A report from a national road safety group highlights what could be a troubling trend among young drivers: an increase in fatalities among 16- and 17-year-old drivers after several years of declines in that age group.
The Governors Highway Safety Association (GHSA) examined deaths of 16- and 17-year-old drivers through the first six months of 2011 and found an 11% increase over the same period in 2010. Deaths of 16-year-olds rose 16% and 17-year-olds 7%, for an overall jump of 11%.
Twenty-three states saw increases, 19 had decreases, and there was no change in eight states and the District of Columbia.
The study by the GHSA, which represents states on highway safety issues, covers only the first half of last year. Traffic deaths usually rise during the second half of the year, which includes summer and vacation driving. If data for the second half of 2011 continue the trend, it would be the first time in eight years that deaths have risen for this age group of drivers.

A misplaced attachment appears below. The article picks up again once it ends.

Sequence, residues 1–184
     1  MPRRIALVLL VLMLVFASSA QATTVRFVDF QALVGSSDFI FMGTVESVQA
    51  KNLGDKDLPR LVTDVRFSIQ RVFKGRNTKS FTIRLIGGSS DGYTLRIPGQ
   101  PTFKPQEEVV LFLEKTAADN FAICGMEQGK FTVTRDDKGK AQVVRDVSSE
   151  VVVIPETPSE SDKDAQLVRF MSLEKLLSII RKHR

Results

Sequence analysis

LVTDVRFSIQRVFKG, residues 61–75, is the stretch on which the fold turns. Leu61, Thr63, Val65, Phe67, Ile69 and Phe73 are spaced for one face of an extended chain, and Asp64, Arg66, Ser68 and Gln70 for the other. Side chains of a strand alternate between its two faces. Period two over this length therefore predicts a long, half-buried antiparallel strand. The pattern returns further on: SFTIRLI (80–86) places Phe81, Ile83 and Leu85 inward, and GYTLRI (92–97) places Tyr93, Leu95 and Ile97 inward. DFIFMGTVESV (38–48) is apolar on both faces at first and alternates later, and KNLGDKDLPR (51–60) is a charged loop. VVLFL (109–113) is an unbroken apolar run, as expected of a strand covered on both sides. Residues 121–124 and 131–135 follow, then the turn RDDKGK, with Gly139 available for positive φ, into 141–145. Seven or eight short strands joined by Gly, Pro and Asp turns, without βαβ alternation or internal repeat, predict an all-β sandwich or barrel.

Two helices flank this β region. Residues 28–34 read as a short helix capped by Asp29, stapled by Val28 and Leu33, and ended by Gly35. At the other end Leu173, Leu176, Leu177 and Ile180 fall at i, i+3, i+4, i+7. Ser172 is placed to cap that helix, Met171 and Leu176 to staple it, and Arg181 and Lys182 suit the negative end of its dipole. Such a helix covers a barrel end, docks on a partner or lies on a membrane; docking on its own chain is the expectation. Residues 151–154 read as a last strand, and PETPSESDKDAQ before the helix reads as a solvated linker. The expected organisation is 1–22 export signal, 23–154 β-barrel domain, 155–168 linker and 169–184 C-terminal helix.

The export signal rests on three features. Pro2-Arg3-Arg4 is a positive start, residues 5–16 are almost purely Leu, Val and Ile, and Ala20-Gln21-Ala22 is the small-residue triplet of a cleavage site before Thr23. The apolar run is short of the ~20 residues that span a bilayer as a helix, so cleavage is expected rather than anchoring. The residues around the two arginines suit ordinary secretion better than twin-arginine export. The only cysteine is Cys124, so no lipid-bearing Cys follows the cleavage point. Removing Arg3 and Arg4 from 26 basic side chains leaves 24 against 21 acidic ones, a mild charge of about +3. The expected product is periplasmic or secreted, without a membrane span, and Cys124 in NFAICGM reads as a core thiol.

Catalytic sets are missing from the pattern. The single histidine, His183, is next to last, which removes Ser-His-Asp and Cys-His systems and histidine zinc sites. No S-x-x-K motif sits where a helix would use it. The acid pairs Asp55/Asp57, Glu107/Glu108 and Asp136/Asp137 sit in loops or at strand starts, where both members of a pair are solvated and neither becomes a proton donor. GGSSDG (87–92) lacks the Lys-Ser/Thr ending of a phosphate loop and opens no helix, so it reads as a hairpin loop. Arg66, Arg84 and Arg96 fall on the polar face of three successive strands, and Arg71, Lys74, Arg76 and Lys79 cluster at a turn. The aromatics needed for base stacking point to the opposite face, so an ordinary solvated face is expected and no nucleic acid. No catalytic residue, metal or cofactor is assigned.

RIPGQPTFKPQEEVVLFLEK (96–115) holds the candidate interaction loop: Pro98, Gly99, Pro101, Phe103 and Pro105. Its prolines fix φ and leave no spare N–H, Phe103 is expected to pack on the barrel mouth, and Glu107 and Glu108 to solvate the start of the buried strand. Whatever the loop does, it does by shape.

The rise is believed to be caused mainly by two things, says Allan Williams, a highway safety consultant who conducted the study:
•The improving economy means more teens on the roads. The recession probably helped reduced travel among teen drivers in 2008 and 2009; those drivers are returning to the highways.
•The impact of phased-in driving privileges for teens - graduated driver licensing (GDL) programs - is leveling off. These initiatives, implemented or strengthened in the mid-1990s, are in place in every state. "Once you get that initial impact, you're not going to get another 20% drop the next year, unless you can improve compliance," Williams says.
The states that saw increases in deaths among young drivers "don't stand out as weak" GDL states, Williams says. He says there is room for further strengthening of state GDL laws and for more consistent enforcement of some provisions, such as restrictions on teen passengers and nighttime driving.
Peter Kissinger, president and CEO of the AAA Foundation for Traffic Safety, cautions that "if you're looking at six months' worth of data, you've got to be careful about trying to draw global conclusions."
GDL programs are proven effective, and parental involvement is crucial, he says.
"Regardless of state laws, parents can just institute and enforce restrictions consistent with the best GDLs," Kissinger says. "The best GDL programs are only as good as what is enforced. And parents are in a much better position than local police to enforce those provisions."